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Outdoor Retailer Out?

Why the trade show may leave Utah



A Badge Gets You In. Without it, you’re stuck on the sidewalk outside the Salt Palace, gazing up at the glass silos plastered with banners of sleek, spandex-clad athletes. All around you, men and women dressed in the latest micro-fibers and fleece stream through the convention center’s mammoth doors. Clutching cups of scalding coffee and shouldering backpacks better suited for navigating trails than city traffic, they cross West Temple’s seven lanes with loose, mile-eating strides. As they move, their shimmery synthetic shirts wick away the last drops of sweat from their five-mile “wake up” jog up City Creek Canyon. If it’s wintertime, the ones with red cheeks and wide grins probably just returned from a pre-dawn ski run down one of the nearby canyons. And unlike most of us, they hold up their ID badges to pass effortlessly through the glass threshold and into the dazzling commercial spectacle that is Salt Lake City’s Outdoor Retailer (OR) Show.

Twice a year, in January and August, tens of thousands of outdoor-industry buyers, manufacturers, retailers and media reps land in Salt Lake City for four days of frenzied show & tell. They transform the Salt Palace into an REI store on steroids, jamming it with new clothing, footwear and high-tech gadgets that mere mortals won’t be able to touch for another year.

With its climbing walls, on-mountain demos, and boisterous happy hours, OR might look like a playground for active adults. But it’s also a serious trade show, where million-dollar product launches and retail deals are finalized over pints from local microbreweries. Booths for a thousand brands fill every corner of the show floor, and crowds gather so thickly you can’t throw a carabineer without hitting someone who’s climbed Mount Everest. For several days each summer and winter, OR essentially takes over downtown Salt Lake City. And while the Salt Palace’s cramped quarters lift the show’s energy level, the lack of space is a major reason why, after 16 years of calling Utah home, Outdoor Retailer might soon leave town for good.

Under Pressure
“I’d love to not argue with the fire marshal every time we have a show in Salt Lake,” jokes Kenji Haroutunian, vice president at Nielsen Expositions, the California firm that produces and owns Outdoor Retailer. Except he’s not joking. As show director for the past five years, the 51-year-old Haroutunian knows the challenges of squeezing a big-time show like OR inside a medium-size venue like the Salt Palace, and placating the fire marshal is one of them. “Right now, we are jamming the hall with as much exhibit space as we can fit into the box,” he says, “and we’re already spilling people onto the sidewalks.”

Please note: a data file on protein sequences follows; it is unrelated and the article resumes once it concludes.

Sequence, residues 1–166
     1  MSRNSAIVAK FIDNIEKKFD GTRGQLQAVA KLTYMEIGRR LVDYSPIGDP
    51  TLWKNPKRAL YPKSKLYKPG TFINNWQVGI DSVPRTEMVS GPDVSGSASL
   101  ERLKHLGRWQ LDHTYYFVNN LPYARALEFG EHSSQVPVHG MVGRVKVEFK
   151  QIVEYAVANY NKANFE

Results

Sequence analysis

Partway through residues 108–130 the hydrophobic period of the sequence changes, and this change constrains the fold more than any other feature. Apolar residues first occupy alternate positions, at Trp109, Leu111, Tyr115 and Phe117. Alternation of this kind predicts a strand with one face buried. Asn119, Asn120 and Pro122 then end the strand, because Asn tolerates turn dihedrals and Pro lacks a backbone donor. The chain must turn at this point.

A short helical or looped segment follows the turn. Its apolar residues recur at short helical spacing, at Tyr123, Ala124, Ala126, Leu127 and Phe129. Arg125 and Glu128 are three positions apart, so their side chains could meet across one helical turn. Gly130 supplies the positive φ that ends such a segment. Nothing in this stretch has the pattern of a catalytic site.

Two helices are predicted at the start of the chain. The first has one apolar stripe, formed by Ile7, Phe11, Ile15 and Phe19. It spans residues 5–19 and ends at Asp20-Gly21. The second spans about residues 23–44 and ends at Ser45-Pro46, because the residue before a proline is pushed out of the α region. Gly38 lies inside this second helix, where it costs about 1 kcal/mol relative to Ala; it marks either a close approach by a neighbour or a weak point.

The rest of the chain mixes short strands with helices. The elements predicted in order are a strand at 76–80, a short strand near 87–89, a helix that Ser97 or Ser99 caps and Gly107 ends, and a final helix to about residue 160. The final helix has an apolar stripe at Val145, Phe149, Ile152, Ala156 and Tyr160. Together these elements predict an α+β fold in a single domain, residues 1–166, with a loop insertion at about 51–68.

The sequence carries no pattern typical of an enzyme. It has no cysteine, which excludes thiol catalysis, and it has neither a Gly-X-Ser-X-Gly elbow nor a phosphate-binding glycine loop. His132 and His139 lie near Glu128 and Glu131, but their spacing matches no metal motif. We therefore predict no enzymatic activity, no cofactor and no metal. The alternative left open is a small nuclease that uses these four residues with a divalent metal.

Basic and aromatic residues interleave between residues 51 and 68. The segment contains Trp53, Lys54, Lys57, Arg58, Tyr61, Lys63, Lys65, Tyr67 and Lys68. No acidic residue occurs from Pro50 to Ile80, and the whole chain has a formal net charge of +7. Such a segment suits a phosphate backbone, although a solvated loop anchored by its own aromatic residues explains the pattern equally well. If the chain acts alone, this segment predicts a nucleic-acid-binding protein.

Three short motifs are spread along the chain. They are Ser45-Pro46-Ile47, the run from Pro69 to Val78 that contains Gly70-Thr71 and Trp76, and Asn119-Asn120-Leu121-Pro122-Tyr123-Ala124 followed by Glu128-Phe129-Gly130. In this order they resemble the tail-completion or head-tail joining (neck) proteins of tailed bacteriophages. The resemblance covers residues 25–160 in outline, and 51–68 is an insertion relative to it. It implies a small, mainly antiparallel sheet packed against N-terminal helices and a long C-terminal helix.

In summer 2011, Haroutunian had to turn down exhibitors’ requests for 25,000 square feet of additional space, which meant less revenue for the show. “It’s starting to become very difficult for anyone new to come to OR,” he says.


Attendees also grumble to Haroutunian about too few hotel rooms and overcrowded restaurants, while visitors from the East Coast complain about limited flights. As the economy gains steam and OR continues to grow, Salt Lake City’s space constraints are only going to become more pressing. And since Nielsen’s contract with the Salt Palace expires in 2014, the trade show’s organizers will be deciding by the end of this year whether to remain in Salt Lake City or jump ship to larger cities like Denver, Anaheim, Chicago, Orlando, Chicago or Las Vegas.

Playing a Weak Hand
When 22,000 Outdoor Retailer attendees fill the Salt Palace on Aug. 2, they’ll make this year’s Summer Market the 44th-largest trade show in the country. The slightly smaller Winter Market ranks as the 58th-largest show. “To host a large trade show like OR twice a year is unique for Salt Lake,” says Scott Beck, president and CEO of Visit Salt Lake, Salt Lake County’s convention and tourism bureau. In contrast, the Salt Palace’s next two biggest shows—the True Value Market and the Hearth, Patio & Barbecue Expo—attract 10,000 to 15,000 attendees, and both rotate through town once every two to three years.